Generic Name/API: anakinra

Manufacturer: Swedish Orphan Biovitrum

Dosage Forms & Strength & Pack Size:
Injection: 100 mg/0.67 mL solution in a single-use prefilled syringe for subcutaneous injection. Graduated syringe allows for doses between 20 mg and 100 mg.

KINERET should be stored in the refrigerator at 2°C to 8°C (36°F to 46°F). DO NOT FREEZE OR SHAKE. Protect from light.



What is KINERET (anakinra)?

KINERET is a prescription medicine called an interleukin-1 receptor antagonist (IL-1Ra) used to:

  • Reduce signs and symptoms and slow the damage of moderate to severe active rheumatoid arthritis (RA) inadults when one or more other drugs for RA have not worked
  • Treat people with a form of Cryopyrin-Associated Periodic Syndromes (CAPS) called Neonatal-OnsetMultisystem Inflammatory Disease (NOMID)
  • Treat people with Deficiency of Interleukin-1 Receptor Antagonist (DIRA)

Kineret is not for children with Juvenile Rheumatoid Arthritis.


Who should not receive KINERET?

You should not receive KINERET if you are allergic to proteins made from bacteria called E. coli or any of the ingredients in KINERET.

What should I tell my healthcare provider before taking KINERET?

You should tell your doctor if you:

  • Have an infection, a history of infections that keep coming back, or other problems that can increase your risk of infections.
  • Are scheduled to receive any vaccines since people using KINERET should not receive live vaccines.
  • Have kidney problems.
  • Are pregnant, planning to become pregnant, or breastfeeding. It is not known if KINERET will harm your unborn baby or passes into your breastmilk. You and your healthcare provider should decide if you will use KINERET or breastfeed.

What are the serious side effects of KINERET?

KINERET can lead to serious infections, including tuberculosis (TB). Because KINERET is a medicine that affects your immune system and may lower your risk to fight infection, your doctor may test for TB and treat new or unknown TB, before you start taking KINERET.

You Should Know: Signs and symptoms of a serious infection could include fever, chills, or excessive sweating, open sores on your body, nausea, lightheadedness, or vomiting, dizziness or lightheadedness.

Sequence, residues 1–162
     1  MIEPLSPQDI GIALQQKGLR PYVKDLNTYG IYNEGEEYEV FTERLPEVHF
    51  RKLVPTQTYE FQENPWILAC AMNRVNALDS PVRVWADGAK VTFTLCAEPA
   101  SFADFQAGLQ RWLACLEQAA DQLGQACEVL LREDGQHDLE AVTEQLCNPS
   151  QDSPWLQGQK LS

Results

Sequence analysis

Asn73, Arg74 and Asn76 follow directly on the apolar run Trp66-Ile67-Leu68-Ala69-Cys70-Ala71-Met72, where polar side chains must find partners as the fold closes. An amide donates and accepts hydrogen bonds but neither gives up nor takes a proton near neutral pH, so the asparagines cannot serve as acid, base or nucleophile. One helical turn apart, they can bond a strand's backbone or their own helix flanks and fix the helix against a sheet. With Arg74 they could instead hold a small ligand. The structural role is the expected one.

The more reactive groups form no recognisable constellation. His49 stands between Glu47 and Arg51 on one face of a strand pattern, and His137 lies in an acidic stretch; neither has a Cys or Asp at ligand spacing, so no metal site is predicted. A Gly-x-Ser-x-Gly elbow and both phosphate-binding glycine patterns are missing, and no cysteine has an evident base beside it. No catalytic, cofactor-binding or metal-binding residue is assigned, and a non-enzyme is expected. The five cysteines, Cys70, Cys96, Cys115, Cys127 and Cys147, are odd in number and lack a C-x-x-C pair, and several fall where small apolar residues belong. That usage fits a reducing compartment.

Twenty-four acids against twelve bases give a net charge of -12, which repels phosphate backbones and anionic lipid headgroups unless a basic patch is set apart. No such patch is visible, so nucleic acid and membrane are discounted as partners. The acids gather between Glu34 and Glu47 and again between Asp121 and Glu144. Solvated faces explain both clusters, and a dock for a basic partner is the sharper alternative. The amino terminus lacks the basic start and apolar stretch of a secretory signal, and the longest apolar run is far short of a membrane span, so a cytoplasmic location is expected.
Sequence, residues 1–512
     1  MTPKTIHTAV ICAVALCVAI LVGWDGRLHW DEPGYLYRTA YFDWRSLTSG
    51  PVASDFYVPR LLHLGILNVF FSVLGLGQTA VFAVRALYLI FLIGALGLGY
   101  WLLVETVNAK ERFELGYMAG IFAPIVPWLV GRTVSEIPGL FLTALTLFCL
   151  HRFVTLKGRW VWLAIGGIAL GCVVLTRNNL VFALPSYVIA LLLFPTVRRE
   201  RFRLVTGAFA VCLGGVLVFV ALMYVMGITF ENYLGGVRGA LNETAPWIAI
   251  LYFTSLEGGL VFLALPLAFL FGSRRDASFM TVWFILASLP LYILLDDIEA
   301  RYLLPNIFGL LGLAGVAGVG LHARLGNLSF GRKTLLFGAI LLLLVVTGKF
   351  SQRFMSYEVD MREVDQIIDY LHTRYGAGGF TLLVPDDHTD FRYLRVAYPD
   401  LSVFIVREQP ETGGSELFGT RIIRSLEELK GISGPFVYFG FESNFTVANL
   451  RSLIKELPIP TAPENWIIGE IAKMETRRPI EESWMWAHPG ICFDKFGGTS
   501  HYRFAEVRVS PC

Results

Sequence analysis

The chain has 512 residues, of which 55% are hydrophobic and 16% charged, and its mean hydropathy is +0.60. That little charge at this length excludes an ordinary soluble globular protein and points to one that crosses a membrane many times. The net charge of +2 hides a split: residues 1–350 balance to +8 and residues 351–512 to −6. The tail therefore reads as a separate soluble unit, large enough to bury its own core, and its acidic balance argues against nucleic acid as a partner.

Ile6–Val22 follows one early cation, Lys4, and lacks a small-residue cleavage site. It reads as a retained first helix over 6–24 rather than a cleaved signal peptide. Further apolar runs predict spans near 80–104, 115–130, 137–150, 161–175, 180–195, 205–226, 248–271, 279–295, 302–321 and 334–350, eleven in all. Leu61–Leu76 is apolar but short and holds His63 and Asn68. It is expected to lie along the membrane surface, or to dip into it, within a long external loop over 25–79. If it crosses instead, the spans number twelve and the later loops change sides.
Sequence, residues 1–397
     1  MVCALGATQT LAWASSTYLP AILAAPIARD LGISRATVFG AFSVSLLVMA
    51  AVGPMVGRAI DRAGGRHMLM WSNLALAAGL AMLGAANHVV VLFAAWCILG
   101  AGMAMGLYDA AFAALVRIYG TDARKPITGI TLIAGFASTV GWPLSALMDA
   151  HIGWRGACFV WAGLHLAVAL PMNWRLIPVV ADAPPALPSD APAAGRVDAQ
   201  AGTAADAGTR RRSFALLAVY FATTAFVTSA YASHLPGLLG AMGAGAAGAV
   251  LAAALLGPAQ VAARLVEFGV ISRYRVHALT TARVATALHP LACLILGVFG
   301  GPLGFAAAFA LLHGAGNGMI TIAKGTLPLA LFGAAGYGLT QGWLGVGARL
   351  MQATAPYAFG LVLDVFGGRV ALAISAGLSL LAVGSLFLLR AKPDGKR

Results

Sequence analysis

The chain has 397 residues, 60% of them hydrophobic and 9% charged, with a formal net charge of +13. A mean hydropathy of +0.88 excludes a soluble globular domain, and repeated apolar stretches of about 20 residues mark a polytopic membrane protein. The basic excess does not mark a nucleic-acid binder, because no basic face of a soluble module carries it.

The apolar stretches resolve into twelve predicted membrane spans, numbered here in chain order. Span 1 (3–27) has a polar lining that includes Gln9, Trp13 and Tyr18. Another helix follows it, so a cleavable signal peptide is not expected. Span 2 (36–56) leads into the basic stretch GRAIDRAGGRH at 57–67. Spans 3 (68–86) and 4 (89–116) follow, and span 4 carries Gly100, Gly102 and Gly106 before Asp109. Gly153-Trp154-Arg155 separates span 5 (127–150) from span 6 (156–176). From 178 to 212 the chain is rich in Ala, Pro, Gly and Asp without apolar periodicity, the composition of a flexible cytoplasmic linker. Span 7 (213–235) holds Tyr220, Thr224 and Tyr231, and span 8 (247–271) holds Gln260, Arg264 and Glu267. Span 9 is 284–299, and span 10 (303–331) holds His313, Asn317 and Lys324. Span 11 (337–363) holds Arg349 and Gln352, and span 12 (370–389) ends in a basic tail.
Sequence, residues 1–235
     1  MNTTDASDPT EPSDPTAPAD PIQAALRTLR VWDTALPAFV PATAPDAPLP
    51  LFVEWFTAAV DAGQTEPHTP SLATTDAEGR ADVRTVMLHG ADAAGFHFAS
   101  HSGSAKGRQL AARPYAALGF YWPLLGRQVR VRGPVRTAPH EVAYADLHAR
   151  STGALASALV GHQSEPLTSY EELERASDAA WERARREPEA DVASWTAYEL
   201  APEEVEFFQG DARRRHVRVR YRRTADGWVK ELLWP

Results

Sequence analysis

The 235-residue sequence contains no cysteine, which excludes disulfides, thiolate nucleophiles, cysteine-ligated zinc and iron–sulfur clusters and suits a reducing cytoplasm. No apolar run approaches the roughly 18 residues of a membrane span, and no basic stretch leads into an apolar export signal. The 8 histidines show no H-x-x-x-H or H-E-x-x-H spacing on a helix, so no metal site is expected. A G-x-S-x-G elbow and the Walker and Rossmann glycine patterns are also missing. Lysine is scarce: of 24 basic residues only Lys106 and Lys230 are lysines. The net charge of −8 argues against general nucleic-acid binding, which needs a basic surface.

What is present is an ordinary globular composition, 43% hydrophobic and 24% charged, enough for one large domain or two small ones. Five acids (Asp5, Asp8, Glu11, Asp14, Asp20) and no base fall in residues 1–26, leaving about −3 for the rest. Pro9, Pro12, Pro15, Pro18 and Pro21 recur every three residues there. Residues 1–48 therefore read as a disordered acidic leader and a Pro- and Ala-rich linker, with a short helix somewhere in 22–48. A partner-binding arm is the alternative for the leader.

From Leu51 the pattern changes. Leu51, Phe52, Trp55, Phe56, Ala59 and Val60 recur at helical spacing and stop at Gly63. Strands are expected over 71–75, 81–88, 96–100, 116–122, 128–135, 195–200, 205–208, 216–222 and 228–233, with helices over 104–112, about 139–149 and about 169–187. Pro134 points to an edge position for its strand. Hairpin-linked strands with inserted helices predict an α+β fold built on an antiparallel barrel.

You should tell your healthcare provider or get medical help if new symptoms of an infection appear. They can be life-threatening or cause death.

You should stop using KINERET and call your healthcare provider or get emergency help right away if you have any of these symptoms of an allergic reaction: swelling of your face, lips, mouth, or tongue; trouble breathing; wheezing; severe itching; skin rash, redness, or swelling outside of the injection site area; dizziness or fainting; fast heartbeat or pounding in your chest (tachycardia); or sweating. People with DIRA may have an increased risk of allergic reactions, especially in the first several weeks.

It is not known if treatment with medicines that cause immunosuppression, like KINERET, affect your risk of getting cancer.

KINERET may cause you to have a lower number of certain white cells (neutrophils). Neutrophils are important in fighting infections. You should have blood tests before starting treatment with KINERET, then monthly for 3 months. After the first 3 months you should have your blood tested every 3 months for up to 1 year.

Before taking KINERET, you should tell your healthcare provider about all your medical conditions and medicines including prescription and over-the-counter medicines, vitamins, supplements, and herbal remedies.

What are other possible side effects of KINERET?

The most common side effects of KINERET include injection site skin reactions, worsening RA (if you already have RA), headache, nausea and vomiting, diarrhea, joint pain, fever, general feeling of discomfort, sore throat or runny nose, sinus infection, and pain in your stomach area.

In KRYSTEXXA clinical trials:
The most common side effects of KRYSTEXXA when given together with methotrexate were gout flares, joint pain, coronavirus disease 2019 (COVID-19), nausea, and fatigue.
The most common side effects of KRYSTEXXA were gout flares, allergic reactions (including infusion reactions). See “What is the most important information I should know about KRYSTEXXA?”, nausea, bruising, sore throat, constipation, chest pain, coronavirus disease 2019 (COVID-19), and vomiting.
This is not a complete list of all possible side effects. Call your doctor for medical advice about side effects.

You are encouraged to report negative side effects of prescription drugs to the FDA. Visit or call 1-800-FDA-1088.

For additional Important Safety Information, please see the Medication Guide and discuss with your doctor.

KRYSTEXXA is a prescription medicine used in adults to help reduce the signs and symptoms of gout that are not controlled by other treatments.

KRYSTEXXA is not for use in people with too much uric acid in their bodies who do not have symptoms (asymptomatic hyperuricemia).

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